Your future starts here

For 15-year-olds, this is a crucial time: which A-levels should you study? The choice is huge, and decisions now will open or close doors in years to come. James Noel reports
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The Independent Online
There are four questions that you should ask when embarking on decisions about which subjects to study.

Ask what subjects are available where you intend to study. Very few schools or colleges offer all subjects available and it is no good wasting time deliberating between archaeology and ancient history if the only subject of that sort on offer where you going to go is classical civilisation.

Ask yourself which subjects you think you will actually like. You will work hardest and get the best results if you enjoy your work and are fully committed to it. If you choose subjects out of a sense of duty, or as the result of external pressure, you are unlikely to make the most of them. Remember, however, that you may not be able to tell whether you like a subject until you have tried it. For it is in the sixth form itself that many students discover their potential in new areas and develop interests and enthusiasms that last a lifetime. So don't assume you will not like a subject just because you know nothing about it.

Ask what you are good at. All A-levels are not the same and each requires very different skills. Before embarking on a particular subject you need to ask yourself whether you have the potential to acquire the skills it requires. Subjects such as English literature and history demand powers of analysis and written expression and it would be a mistake to choose such subjects without a good standard of English. Similarly, it would not be realistic to choose physics, chemistry or economics without being reasonably good at mathematics. Unless you have the right intellectual make-up you won't perform to an adequate standard and are likely to lose interest and confidence.

Ask what subjects, given future plans, you might need. You may not need any particular subjects; but many college or university departments do have specific requirements. For instance, if you want to be a doctor or a vet, you will need at least two science subjects. For an economics degree you will often need mathematics.

To set about answering the critical questions, there are six essential tasks for you to undertake.

Talk to teachers who know you. This can be one of the most useful and important things you can do. A teacher who knows what different A-levels demand and who knows your strengths and weaknesses is uniquely well placed to advise you. You may not agree with the advice; but you should listen to it.

Talk also to those who teach any A-level subject you are considering even if they don't know you very well. It is always best to hear from the person responsible for teaching a subject what it is like and what it involves.

Talk to other students, best of all those a little older than you, who have studied a subject that you are considering. However, you must learn to evaluate what will be very subjective views and realise that what is important for someone else may not be so for you.

Attend school open days. These can be an excellent way of learning about different A-level subjects and what is involved in studying them. It is on these occasions that schools make an effort to sit down and explain what is involved in studying a subject and, more particularly, how they would set about it. Biology in your local sixth form could be very different from the biology in the CFE in the next town.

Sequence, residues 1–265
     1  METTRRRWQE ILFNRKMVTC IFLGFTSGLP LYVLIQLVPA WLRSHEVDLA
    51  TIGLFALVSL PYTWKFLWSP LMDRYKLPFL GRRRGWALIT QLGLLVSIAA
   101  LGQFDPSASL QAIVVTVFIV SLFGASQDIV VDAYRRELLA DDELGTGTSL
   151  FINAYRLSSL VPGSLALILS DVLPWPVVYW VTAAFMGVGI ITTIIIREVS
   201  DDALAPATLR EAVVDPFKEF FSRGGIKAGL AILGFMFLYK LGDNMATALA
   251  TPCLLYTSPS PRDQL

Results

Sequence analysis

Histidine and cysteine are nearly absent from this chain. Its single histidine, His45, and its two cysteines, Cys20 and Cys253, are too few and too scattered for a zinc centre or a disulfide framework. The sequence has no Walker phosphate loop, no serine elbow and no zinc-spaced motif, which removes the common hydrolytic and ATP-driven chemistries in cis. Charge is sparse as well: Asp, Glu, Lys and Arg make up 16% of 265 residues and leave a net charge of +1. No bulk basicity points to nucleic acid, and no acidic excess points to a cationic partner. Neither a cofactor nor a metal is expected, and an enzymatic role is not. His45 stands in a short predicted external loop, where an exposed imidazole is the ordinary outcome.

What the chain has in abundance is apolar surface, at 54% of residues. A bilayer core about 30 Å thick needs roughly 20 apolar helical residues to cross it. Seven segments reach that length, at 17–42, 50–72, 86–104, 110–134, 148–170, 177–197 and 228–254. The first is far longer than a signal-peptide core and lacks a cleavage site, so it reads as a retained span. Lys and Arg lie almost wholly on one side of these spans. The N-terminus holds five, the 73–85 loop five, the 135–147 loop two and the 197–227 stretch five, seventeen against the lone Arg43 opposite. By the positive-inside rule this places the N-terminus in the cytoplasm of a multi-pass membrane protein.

Talk to a careers adviser who is experienced in the requirements of university entrance. Guidance here is vital if you are to keep the right higher education options open.

Read typical textbooks. It is always a good idea to read some of the books that you will be required to study as part of any A-level course. Don't choose these yourself: ask the person who is likely to be teaching the subject for some recommendations.

And don't forget ... Distinguish between the teacher and the subject

You may like or dislike a subject because of a particular teacher or because of how it is taught at your school or college. This may be a good reason for choosing a subject; but it may not be. If you are influenced by such considerations, try to find out whether the teacher in question is likely to be teaching you and if so, for how long.

Remember, A-levels not only impart knowledge: they develop skills

When choosing your A-level subjects, don't only think about the subject matter of the A-level - the date of the Battle of Hastings, what happens when you heat metals, the French for "hard work". Consider also what skills you will be asked to acquire and whether you like the sound of them.

Many subjects require and develop the ability to analyse abstract arguments and to formulate your own ideas in essay form; others require the ability to solve mathematical and scientific problems; some require you to memorise facts and figures; others demand practical skills; a few require artistic and creative talents - visual, dramatic, musical. In general, these skills will be of more use to you than the facts and information you learn and may be used in a wide variety of situations.

Distinguish between potential and past achievement

When deciding whether you possess the right skills, don't confuse what you are able to do now and what you might be able to do if taught properly. Potential is more important than past achievement.

Final tip ...

There is no substitute for a good long talk with someone who has taught you and who knows you well.

Good luck.

The 1996 edition of `How To Choose Your A-Levels' is published in May and will be available from all good bookshops.

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